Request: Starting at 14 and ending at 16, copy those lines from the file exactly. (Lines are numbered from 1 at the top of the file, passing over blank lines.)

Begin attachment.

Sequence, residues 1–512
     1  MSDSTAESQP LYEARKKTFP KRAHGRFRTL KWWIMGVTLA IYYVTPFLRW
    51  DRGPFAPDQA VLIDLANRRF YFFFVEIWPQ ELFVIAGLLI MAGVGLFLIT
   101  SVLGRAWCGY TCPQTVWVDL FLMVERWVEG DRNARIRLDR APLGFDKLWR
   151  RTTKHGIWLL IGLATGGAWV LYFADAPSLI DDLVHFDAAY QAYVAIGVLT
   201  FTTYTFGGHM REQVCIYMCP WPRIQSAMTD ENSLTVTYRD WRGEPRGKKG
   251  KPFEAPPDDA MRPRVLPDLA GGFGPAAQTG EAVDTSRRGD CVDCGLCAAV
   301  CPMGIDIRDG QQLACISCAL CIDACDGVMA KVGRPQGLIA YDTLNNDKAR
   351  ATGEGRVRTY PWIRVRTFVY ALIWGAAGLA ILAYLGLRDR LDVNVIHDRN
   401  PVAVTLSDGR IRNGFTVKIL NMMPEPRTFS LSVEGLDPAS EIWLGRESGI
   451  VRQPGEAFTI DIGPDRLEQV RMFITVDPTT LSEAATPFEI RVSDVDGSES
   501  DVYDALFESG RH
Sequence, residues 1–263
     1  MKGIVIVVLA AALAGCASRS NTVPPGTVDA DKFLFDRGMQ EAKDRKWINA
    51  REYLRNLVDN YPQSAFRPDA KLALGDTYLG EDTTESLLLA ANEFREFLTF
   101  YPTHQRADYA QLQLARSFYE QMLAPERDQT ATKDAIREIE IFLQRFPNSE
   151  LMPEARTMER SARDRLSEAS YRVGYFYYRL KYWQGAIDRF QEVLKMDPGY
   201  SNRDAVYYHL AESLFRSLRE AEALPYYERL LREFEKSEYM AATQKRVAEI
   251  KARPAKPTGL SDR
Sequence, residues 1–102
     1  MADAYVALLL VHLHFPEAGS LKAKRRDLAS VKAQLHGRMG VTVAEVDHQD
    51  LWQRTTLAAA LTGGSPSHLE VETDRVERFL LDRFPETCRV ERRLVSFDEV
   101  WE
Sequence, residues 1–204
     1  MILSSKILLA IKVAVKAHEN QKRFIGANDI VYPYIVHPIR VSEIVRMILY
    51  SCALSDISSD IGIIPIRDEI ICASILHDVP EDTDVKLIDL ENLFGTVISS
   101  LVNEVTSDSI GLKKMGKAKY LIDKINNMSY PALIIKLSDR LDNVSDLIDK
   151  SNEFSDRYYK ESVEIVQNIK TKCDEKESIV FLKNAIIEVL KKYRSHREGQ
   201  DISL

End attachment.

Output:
     1  MKGIVIVVLA AALAGCASRS NTVPPGTVDA DKFLFDRGMQ EAKDRKWINA
    51  REYLRNLVDN YPQSAFRPDA KLALGDTYLG EDTTESLLLA ANEFREFLTF
   101  YPTHQRADYA QLQLARSFYE QMLAPERDQT ATKDAIREIE IFLQRFPNSE